Harvard Law School Makes Online Zero-L Course Free for All U.S. Law Schools Due to Coronavirus


For Kennedy School Fellows, Epstein-Linked Donors Present a Moral Dilemma


Tenants Grapple with High Rents and Local Turnover at Asana-Owned Properties


In April, Theft Surged as Cambridge Residents Stayed at Home


The History of Harvard's Commencement, Explained

University Declines To Take Sculpture On Gay Liberation

By William E. Mckibben

After waiting several months for Harvard to accept the gift, a philanthropic organization last week withdrew its offer of a sculpture on the theme "Gay Liberation" by a nationally renowned artist.

A trustee of the fund and a campus gay rights activist said yesterday they thought the University may have decided not to take the George Segal sculpture because it dealt with homosexuality; the head of the Fogg Museum and an alumnus involved in negotiations on the sculpture said Harvard refused the offer to avoid involvement in a New York City political squabble over the work.

The Mildred Andrews Fund, which extended the offer to the University this fall, will likely agree to fund any other sculpture on the topic of gay liberation that Harvard chooses to commission, Peter Putnam, the trustee in charge of the fund, said last night.

But Putnam said he didn't know if the University would accept a work on the theme. "Of course the nature of the Segal work" led to its rejection, Putnam said, adding, "I think they might be worried about its effect on alumni funding and other things."

"It certainly can't be because he's not a well-known sculptor," J. French Wall '83, president of the Gay Students Association, said. "It's pretty clear that politics played a role," he added.

But Seymour Slive, director of the Fogg and the man who reviewed the proposal, said "there was no way we could get involved" because the work was being offered to New York City.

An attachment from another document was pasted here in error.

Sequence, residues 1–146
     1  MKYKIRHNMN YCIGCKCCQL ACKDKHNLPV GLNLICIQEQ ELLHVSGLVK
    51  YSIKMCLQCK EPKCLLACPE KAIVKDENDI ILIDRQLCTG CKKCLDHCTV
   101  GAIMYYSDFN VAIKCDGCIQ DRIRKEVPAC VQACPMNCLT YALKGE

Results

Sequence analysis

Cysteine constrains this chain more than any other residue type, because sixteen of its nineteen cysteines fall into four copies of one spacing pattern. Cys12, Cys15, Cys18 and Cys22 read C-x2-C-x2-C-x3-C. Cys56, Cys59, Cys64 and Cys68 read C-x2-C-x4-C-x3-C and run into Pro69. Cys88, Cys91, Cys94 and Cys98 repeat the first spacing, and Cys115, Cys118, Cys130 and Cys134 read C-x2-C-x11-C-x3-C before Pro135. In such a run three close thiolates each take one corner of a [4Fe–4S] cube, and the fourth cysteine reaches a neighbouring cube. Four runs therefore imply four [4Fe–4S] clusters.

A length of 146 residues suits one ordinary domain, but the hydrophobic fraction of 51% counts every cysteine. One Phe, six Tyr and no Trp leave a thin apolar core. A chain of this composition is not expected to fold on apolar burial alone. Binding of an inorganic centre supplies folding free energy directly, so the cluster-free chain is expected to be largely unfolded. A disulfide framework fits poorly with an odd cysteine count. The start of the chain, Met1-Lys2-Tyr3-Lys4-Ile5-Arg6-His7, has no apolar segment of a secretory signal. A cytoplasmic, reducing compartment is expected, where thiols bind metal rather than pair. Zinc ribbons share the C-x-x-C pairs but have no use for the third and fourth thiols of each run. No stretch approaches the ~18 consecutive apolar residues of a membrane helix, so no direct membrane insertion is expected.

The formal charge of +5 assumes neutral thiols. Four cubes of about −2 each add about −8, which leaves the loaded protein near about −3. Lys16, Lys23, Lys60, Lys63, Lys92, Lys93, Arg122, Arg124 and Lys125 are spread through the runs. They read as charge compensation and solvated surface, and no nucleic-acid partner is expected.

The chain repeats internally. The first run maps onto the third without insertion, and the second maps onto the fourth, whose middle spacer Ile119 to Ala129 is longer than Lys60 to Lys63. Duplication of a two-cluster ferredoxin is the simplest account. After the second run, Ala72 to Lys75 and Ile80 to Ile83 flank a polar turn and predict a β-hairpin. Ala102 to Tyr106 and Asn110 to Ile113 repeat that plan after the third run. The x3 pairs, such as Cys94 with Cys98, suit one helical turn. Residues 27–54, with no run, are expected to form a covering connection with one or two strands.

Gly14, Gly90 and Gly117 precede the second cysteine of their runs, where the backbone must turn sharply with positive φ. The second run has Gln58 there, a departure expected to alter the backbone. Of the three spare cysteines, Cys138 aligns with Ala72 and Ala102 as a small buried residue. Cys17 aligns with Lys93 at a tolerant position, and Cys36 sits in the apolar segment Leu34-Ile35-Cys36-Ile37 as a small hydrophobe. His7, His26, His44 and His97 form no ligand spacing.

And Edmund Goodhue '68, an alumnus interested in art who talked with Slive about the offer, said yesterday, "I think Slive was correct in not getting Harvard involved." Goodhue said the offer to Harvard may have been used as a "political crowbar" in the negotiations with New York, where the sculpture has met community resistance.

The New York offer was withdrawn before any offical proposal was made to Harvard, Putnam said. He refused to estimate the value of the work, but said single Segal figures were selling for more than $50,000. The "Gay Liberation" piece, intended for outdoor display and made of white enamel and bronze, has four figures--a pair of men and a pair of women--and two park benches.

Segal's works are included in the collections of most major American museums, Carroll Janis, owner of New York's Janis gallery where Segal's work has been displayed in the past, said yesterday.

"He's one of the major American sculptors," Janis said. "There are many museums trying to buy his work, much less get it free," he added.

"There are museum retrospectives of his work all the time," Jerry Gorovoy, an employee of the Janis gallery, said. Janis called the Gay Liberation sculpture "quite a wonderful piece."

Putnam expressed disappointment that Harvard had not taken the statue and said he had withdrawn the offer only because "it was very clear they didn't want it." The with-drawal is "firm and final," Putnam said, however. "I'll probably just sit on the statue for a while," he added.

If Harvard decides to commission any sculpture on the same theme, "we would very sympathetically consider funding it," Putnam said. "We would almost certainly do so," he added.

Segal, in California working on another sculpture, could not be reached for comment.

The work, originally planned for a park in New York City, hit political resistance there, Putnam said. "They said it might take ten years to make a final decision," he said, adding, "I was told the mayor wasn't anxious to push the thing, that it was ticklish politically."

The fuss in New York dampened Harvard's interest in the statue, Goodhue said, adding, "maybe in five years it will make sense to consider the piece from an artistic point of view."

Slive, who said Segal was an "important" sculptor, added he had not even seen photographs of the work.

"I don't blame Mr. Putnam for being frustrated," Wall said, adding that since the statue's installation, maintenance and repair would have been paid for "it's pretty clear the nature" of the statue was what the University objected to.

University administrators "will only concede to a half-day holiday for Martin Luther King's birthday; they won't even concede to a statue for gay liberation," Wall said

Want to keep up with breaking news? Subscribe to our email newsletter.